If parody is a form of imitation, and if imitation is a form of flattery, then by my loopy logic James Joyce should be honored by the “comedic recontextualization” that we’ve put him through over the last month-and-a-half.
Many of you will have seen the museum’s appearance on Comedy Central’s Colbert Report last month, in which host extraordinaire Stephen Colbert pit his “children’s book” I Am A Pole (And So Can You!) against Joyce’s masterpiece, Ulysses.
As with all such film and TV productions, a lot got left on the cutting room floor. We thought we’d share some of our unaired (some might say, unasked for) observations about the books’ similarities here. This is deep stuff, as you’ll see. Thanks to Director Derick Dreher, and Joyce scholar Dr. Melanie Micir, for many of these references!
- The story arcs of both stories have to do with odyssey, self-examination, and awakening. Leopold Bloom's wanderings throughout Dublin end with certain realizations about the dynamic of his marriage, and his relationship to both his wife and his friend, Stephen Dedalus. The titular pole from Colbert's book goes through various trials until it embraces its true “pole role” thanks to a troupe of boy scouts.
- Joyce's novel has 18 episodes and Colbert's Pole character goes through 18 different incarnations before it finds its true calling.
- National contexts are at the center of both books: the struggles of the Irish nation in Joyce's novel, and the very Americanness of America in I Am A Pole.
- Both Joyce and Colbert provoked controversy in their works: Ulysses for its supposedly 'obscene' descriptions of urination, defecation, and masturbation; I Am A Pole for being the only "children's book" to include an illustration of a stripper.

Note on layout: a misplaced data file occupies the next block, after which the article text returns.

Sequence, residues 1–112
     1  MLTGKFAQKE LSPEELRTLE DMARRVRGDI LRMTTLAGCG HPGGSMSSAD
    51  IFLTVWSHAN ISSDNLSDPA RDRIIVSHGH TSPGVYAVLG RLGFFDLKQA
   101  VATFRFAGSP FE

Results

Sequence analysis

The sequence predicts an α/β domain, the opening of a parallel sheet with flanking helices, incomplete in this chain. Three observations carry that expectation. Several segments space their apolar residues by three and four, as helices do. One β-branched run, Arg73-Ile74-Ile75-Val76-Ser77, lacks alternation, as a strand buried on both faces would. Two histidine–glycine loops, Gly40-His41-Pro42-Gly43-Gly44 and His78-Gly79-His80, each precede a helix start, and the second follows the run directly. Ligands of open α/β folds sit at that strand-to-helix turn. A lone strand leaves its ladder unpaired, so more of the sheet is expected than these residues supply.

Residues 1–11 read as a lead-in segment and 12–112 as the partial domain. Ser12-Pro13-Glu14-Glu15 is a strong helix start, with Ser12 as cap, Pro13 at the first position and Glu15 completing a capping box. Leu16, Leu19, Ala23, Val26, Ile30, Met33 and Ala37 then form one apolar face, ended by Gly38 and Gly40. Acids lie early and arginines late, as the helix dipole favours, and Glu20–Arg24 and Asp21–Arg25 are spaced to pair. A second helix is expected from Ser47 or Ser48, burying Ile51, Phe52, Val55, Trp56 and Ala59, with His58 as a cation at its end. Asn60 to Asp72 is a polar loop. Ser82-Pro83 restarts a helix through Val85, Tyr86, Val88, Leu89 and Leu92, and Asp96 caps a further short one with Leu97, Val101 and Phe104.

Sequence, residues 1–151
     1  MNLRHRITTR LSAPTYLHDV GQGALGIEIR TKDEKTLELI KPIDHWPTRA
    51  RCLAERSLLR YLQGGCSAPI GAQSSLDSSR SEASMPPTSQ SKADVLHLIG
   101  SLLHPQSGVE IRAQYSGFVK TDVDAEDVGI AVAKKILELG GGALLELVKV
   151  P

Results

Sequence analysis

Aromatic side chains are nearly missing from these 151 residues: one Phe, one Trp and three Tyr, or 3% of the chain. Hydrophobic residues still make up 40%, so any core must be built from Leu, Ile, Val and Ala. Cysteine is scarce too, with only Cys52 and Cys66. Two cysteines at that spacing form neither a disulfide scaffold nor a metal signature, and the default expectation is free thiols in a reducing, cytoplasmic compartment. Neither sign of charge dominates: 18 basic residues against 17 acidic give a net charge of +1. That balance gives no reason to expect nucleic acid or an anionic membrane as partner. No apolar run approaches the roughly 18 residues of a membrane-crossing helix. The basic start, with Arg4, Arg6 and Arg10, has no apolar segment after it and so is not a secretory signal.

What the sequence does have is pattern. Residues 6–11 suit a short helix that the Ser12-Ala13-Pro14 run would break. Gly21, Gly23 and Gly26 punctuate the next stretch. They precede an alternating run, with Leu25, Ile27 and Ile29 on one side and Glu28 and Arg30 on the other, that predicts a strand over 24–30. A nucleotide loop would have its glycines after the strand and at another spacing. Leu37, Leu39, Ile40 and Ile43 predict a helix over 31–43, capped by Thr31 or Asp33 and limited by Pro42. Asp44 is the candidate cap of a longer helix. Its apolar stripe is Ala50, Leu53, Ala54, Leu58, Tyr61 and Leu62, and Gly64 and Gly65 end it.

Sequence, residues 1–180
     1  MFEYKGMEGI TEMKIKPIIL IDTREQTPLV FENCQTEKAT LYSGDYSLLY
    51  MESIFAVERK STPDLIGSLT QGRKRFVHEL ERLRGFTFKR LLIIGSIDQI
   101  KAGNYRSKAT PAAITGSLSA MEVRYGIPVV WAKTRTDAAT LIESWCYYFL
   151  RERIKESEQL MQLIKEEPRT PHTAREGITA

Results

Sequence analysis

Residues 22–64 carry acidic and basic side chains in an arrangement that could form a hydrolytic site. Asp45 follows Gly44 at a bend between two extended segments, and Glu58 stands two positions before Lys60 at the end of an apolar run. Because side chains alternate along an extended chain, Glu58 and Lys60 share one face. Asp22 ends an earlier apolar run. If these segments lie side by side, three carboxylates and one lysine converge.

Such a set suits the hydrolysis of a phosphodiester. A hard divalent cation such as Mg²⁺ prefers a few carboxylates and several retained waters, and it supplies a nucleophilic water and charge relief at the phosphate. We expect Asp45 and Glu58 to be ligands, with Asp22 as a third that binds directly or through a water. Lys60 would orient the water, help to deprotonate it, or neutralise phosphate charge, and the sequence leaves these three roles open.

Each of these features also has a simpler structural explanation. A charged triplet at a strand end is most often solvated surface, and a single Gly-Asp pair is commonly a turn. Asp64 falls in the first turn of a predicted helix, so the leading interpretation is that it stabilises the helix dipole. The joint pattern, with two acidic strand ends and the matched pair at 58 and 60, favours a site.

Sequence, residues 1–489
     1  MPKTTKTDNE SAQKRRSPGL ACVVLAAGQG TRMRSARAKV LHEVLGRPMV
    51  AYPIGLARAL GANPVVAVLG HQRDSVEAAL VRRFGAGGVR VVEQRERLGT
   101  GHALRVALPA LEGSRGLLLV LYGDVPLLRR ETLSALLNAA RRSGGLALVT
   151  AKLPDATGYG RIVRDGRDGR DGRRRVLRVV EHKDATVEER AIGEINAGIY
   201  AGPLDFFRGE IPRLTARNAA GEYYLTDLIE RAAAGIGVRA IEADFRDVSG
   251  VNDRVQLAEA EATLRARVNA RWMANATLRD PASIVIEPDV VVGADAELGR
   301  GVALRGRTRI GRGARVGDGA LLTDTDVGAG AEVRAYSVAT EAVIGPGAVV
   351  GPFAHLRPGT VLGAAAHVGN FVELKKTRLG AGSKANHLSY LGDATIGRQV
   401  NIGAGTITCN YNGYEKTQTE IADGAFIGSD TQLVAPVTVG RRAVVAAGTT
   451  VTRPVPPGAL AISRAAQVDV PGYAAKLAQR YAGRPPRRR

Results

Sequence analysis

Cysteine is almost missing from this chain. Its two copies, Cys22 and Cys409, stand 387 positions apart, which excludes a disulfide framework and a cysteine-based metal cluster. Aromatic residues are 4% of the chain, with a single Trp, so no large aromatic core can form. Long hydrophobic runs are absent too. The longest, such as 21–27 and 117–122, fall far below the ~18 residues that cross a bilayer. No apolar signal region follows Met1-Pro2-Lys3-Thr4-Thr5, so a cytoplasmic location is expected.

- Both books were issued in large editions with blue bindings—Joyce’s novel with an austere yet iconic blue/green cover (“Aegean blue,” in homage to Joyce’s own recontextualization of Homer’s Odyssey), and Colbert’s book with a deeper “American flag” blue.
- A number of characters and scenes from Ulysses seem to have found their way into Colbert’s book. Early in I Am A Pole, the pole is seen reading a newspaper, which brings to mind the 'Aelous' episode of Ulysses, which takes place in a newspaper office. A barber who also appears early in the book may be an homage to Buck Mulligan's appearance on the first page of Ulysses bearing a razor and bowl of lather. And could those blooming flowers on the first pages of Pole reference a certain other Bloom? Leo-pole Bloom?
- Both books are based on true stories: The day on which Ulysses takes place, June 16, 1904, was actually the day that Joyce met the woman who would become his wife, Nora Barnacle. We know I Am A Pole is based on a true story because it says so on the last page of the book, and if the world has learned one thing from Stephen Colbert, it’s always to take him at his word.
That's our list of similarities – can you think of more?
Patrick Rodgers is the Traveling Exhibitions Curator at the Rosenbach Museum & Library.